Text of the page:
After her death, other women tried to seduce him, but he held himself aloof from them, leading them to think he despised them, which led them to kill him in a drunken Dionysian rage. The female “maniacs,” as Bulfinch calls them, tore his body apart, and threw his head and lyre into a river, where they continued to murmur “sad music.” The Muses gathered the fragments of his body and buried them, and “the nightingale is said to sing over his grave more sweetly than in any other part of Greece.” The civilizing muses served Apollo; the murderous maenads were under the spell of Dionysus, as Euripedes makes clear in The Bacchae, which might be seen as a retelling of the story of Orpheus.  Frenzied, delusional and blinded by drink, Agave, the leader of the band of maenads ripped her son Pentheus’ head off, claiming that it was that of a lion she had hunted and killed. He was indeed a lion, that is, a noble king who tried to stop the beastly behavior of the bacchae. They lost their humanity to drink: Dionysian ritual apparently involved tearing an animal apart and eating the raw parts, like another animal. But it is also worth noting that their wild behavior has been interpreted as a revolt against patriarchy, and their Dionysiac cult as a significant part of religious experience in antiquity.  

Jupiter placed Orpheus’ lyre among the stars, where it exists as the constellation Lyra. It is the instrument of Apollo’s immortality, which is why it is as immortal as he is. It seems to be able to make heavenly music by itself. I will return to the story of Orpheus’ devotion to his wife and his death at the hands of insane women, for it conveys in mythic-symbolic form the paradoxical dialectic of musical experience.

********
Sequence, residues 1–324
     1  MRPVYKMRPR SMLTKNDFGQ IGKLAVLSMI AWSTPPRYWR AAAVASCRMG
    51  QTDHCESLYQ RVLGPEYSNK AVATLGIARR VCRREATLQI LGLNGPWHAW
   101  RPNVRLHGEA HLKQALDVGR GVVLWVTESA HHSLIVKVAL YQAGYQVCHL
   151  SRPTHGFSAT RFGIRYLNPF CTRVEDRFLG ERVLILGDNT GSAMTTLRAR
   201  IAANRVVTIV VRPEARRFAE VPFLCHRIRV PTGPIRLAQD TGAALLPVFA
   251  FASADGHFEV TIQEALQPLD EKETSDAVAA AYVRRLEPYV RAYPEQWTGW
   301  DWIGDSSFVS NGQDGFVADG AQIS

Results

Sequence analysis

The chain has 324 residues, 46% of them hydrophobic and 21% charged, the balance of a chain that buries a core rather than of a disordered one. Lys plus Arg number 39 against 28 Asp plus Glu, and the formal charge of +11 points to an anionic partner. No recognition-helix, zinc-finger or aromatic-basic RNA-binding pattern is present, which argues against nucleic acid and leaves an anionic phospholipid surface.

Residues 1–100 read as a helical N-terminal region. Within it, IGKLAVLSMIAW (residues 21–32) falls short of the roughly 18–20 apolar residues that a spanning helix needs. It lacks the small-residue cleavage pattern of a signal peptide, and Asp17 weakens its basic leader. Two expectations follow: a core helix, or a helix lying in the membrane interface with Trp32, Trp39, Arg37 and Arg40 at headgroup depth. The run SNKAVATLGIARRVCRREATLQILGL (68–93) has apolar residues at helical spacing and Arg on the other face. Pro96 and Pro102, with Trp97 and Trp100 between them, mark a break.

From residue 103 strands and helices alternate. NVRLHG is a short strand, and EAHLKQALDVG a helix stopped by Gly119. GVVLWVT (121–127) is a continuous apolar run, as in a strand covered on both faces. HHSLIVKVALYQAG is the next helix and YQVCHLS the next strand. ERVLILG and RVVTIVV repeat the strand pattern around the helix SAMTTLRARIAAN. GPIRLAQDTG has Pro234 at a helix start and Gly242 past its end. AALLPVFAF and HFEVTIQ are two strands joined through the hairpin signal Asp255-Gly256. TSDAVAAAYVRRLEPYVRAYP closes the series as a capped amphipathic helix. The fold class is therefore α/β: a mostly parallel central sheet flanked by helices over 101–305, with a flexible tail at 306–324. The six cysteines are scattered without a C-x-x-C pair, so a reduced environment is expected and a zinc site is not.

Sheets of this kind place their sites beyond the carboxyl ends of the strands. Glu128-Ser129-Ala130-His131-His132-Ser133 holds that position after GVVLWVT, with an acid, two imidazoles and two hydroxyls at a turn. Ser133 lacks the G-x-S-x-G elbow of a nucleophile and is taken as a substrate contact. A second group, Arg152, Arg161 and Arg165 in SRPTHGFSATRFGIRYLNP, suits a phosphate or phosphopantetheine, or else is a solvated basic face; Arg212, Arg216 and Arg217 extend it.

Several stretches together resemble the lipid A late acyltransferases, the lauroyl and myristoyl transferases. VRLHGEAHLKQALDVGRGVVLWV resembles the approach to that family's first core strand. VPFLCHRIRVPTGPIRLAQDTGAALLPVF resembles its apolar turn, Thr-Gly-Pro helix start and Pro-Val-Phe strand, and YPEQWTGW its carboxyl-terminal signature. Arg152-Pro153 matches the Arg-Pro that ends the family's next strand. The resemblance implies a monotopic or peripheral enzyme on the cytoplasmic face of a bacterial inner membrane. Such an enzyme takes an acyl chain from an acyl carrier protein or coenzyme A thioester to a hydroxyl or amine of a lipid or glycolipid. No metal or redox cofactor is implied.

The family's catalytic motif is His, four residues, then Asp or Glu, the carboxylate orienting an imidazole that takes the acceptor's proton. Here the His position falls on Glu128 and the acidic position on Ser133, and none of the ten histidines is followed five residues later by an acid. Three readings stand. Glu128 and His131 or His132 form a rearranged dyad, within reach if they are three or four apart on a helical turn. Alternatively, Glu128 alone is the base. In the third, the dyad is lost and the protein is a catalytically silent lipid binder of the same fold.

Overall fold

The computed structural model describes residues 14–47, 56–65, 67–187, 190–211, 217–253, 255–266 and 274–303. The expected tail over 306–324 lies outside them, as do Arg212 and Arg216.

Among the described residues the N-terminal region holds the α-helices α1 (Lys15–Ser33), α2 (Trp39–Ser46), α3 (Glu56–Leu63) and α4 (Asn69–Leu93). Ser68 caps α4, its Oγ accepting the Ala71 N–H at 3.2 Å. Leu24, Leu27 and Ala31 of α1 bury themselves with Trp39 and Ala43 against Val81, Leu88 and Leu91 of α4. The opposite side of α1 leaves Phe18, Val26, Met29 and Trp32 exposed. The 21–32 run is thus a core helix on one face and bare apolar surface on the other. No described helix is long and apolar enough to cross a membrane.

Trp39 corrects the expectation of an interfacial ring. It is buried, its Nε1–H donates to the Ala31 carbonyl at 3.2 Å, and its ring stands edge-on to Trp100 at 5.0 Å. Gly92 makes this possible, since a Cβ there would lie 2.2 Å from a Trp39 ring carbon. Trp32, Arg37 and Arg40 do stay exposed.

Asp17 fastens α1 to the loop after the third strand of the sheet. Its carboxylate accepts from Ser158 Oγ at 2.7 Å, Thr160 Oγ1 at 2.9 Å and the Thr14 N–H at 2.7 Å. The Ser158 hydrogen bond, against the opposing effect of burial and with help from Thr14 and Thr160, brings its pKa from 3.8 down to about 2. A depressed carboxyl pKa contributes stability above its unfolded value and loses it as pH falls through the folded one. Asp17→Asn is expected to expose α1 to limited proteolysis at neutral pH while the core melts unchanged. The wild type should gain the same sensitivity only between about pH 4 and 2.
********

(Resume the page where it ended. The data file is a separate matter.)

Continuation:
For Luther, music “was next to theology. The Devil hates music because it drives away temptation and evil thoughts.”5 Some forty hymns are attributed to Luther, including the superb Eine feste Burg ist unser Gott.” Schopenhauer wrote that “music is by no means like the other arts, namely a copy of the Ideas, but a copy of the Will itself, the objectivity of which are the Ideas. For this reason the effect of music is so very much more powerful and penetrating than is that of the other arts, for those others speak only of the shadow, but music of the essence.”6 Nietzsche argued “that the continuous development of art is bound up with the Apollonian and Dionysian duality: just as procreation depends on the duality of the sexes, involving perpetual strife with only periodically intervening reconciliations….Through Apollo and Dionysus, the two art-deities of the Greeks, we come to recognize that in the Greek world there existed a sharp opposition, in origin and aims, between the Apollonian art of sculpture and the non-plastic, Dionysian art of music.” Nietzsche “conceive[s] of them as the separate art-worlds of dreams and drunkenness.”7  

Nietzsche does not think there is an Apollonian music, although Orpheus seems to have put all of nature in a sort of dream-like, hypnotic trance, suggesting there is something to Nietzsche’s association of Apollo and dreams. He also seems to associate the dreamy Apollonian with the male, the drunken Dionysian with the female—sexual reserve or aloofness, as opposed to sexual fervor and violence—which correlates with the story of Orpheus. Nietzsche also associates the Apollonian with Schopenhauer’s principle of individuation, and regards Dionysian drunkenness as an antidote to pessimism, in Schopenhauer’s words, the view that “the world is hell, and men are divided into tortured souls and torturing devils,” a view said to be echoed in Baudelaire’s assertion, in one of the Flowers of Evil, “I am the limbs and the wheel/the victim and the torturer.”8